The Thylacine track is about so much more than just an extinct species due to man's interference. We're about as close as you can get to what’s considered a mass extinction since the ice age, pretty messed up time to be a delicate species who relies on the natural order of things to survive.
The Moa. A gigantic flightless bird from New Zealand. These legends absolutely thrived for centuries but were killed off by over hunting about 600 years ago.
Passenger Pigeon. This humble fellow thrived in the billions. In the late 1800's its meat was commercialised in the US (for the poor) and unsustainable hunting saw it completely extinct by 1914. They played an important role in indigenous culture.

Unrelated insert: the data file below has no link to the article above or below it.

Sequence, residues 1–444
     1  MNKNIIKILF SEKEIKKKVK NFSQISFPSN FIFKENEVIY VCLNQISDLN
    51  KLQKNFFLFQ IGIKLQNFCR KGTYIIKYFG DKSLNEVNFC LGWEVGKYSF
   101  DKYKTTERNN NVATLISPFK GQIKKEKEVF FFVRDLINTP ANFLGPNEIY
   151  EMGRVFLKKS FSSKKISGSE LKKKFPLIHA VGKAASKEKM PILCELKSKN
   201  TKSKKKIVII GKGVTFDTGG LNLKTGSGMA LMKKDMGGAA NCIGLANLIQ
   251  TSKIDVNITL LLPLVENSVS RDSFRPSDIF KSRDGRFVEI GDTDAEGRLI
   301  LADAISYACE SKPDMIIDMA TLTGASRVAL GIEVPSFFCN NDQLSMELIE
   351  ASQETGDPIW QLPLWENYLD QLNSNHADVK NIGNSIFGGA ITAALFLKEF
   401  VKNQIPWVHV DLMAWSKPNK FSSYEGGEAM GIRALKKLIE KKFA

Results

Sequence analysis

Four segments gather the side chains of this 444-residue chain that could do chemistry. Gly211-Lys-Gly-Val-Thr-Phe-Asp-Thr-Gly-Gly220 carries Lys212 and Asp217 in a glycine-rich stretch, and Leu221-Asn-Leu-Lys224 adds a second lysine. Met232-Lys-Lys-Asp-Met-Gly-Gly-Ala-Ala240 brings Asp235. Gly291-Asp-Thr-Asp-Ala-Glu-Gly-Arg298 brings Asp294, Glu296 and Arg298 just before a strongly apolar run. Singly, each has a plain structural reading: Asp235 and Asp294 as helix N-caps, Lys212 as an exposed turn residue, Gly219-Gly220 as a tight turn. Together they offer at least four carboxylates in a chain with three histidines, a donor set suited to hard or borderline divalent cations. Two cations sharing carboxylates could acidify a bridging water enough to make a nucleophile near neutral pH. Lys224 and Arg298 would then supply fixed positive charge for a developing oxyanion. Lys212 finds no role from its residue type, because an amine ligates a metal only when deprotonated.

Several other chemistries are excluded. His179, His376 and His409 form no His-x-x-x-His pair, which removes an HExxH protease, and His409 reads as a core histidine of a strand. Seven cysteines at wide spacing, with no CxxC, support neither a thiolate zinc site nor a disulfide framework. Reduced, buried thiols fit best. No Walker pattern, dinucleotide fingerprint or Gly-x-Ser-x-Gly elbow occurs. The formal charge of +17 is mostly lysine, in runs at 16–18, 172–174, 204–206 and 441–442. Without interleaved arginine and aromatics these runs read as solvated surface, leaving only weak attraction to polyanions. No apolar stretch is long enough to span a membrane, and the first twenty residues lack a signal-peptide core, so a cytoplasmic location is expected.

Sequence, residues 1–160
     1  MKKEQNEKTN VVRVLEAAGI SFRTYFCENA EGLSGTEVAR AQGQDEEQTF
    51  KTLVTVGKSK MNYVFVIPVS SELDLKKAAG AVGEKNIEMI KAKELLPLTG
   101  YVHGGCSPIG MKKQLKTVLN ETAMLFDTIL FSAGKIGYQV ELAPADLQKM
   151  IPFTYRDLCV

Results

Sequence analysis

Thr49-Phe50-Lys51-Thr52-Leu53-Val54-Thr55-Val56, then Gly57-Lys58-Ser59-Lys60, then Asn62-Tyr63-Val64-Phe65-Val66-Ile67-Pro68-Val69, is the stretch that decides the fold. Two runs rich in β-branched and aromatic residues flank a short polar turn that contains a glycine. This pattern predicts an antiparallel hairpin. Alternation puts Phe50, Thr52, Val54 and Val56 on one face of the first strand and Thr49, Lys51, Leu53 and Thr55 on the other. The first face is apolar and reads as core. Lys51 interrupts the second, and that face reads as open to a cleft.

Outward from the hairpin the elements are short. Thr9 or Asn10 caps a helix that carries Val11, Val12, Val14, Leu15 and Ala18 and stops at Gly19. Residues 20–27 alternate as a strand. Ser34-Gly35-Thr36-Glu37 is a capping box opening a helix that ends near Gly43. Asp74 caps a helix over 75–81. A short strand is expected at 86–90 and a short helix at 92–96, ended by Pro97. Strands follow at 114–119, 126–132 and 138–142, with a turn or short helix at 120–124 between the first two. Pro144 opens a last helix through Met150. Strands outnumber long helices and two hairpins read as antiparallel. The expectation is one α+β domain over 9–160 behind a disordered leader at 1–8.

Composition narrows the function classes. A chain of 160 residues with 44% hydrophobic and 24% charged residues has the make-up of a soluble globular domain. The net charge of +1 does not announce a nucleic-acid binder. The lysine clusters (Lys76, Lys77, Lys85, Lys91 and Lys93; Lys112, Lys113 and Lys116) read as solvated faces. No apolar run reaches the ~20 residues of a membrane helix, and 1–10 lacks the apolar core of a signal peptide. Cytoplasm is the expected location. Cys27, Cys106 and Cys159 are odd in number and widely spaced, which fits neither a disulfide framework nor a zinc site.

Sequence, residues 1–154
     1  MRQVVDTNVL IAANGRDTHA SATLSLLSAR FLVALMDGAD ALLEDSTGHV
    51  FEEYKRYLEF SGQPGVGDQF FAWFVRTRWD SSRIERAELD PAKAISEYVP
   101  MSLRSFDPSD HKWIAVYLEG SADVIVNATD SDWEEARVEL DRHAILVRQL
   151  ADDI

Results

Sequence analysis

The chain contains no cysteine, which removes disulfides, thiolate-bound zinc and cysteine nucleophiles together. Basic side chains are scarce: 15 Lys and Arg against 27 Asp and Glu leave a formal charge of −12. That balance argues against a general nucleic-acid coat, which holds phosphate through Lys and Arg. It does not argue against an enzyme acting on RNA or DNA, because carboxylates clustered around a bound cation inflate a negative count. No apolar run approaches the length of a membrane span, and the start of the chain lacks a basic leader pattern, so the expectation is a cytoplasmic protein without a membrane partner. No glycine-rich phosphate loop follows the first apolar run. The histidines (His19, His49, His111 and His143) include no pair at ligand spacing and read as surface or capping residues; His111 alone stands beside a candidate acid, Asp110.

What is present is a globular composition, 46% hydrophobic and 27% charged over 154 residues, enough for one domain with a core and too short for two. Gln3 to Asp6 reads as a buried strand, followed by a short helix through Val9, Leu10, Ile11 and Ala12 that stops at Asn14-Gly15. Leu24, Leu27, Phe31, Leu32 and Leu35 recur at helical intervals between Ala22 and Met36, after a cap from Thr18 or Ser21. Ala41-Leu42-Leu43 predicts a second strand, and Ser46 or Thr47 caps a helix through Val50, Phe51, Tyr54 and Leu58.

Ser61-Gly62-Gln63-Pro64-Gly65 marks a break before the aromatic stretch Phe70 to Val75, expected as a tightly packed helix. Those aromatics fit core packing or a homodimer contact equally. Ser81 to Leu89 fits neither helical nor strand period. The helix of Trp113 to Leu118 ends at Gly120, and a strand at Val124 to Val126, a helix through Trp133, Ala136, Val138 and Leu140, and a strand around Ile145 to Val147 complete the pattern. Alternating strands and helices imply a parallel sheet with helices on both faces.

Falkland Island Wolf. These little dudes had no natural predators and when people first visited the islands where they'd lived for centuries they were especially easy to capture. They were hunted out of extinction for their fur by 1880.
West African Black Rhino. Like all the African mega fauna, these guys thrived for a very long time until man started unsustainable hunting.
Thylacine. Had to mention this guy of course. Some believe they're still out there but regardless of there being a few isolated families; here we have one of the most unique animals on the planet. It was clearly a carnivorous hunter, but also a marsupial which means it had a pouch. The government actually paid people to have this species exterminated in order to save live stock.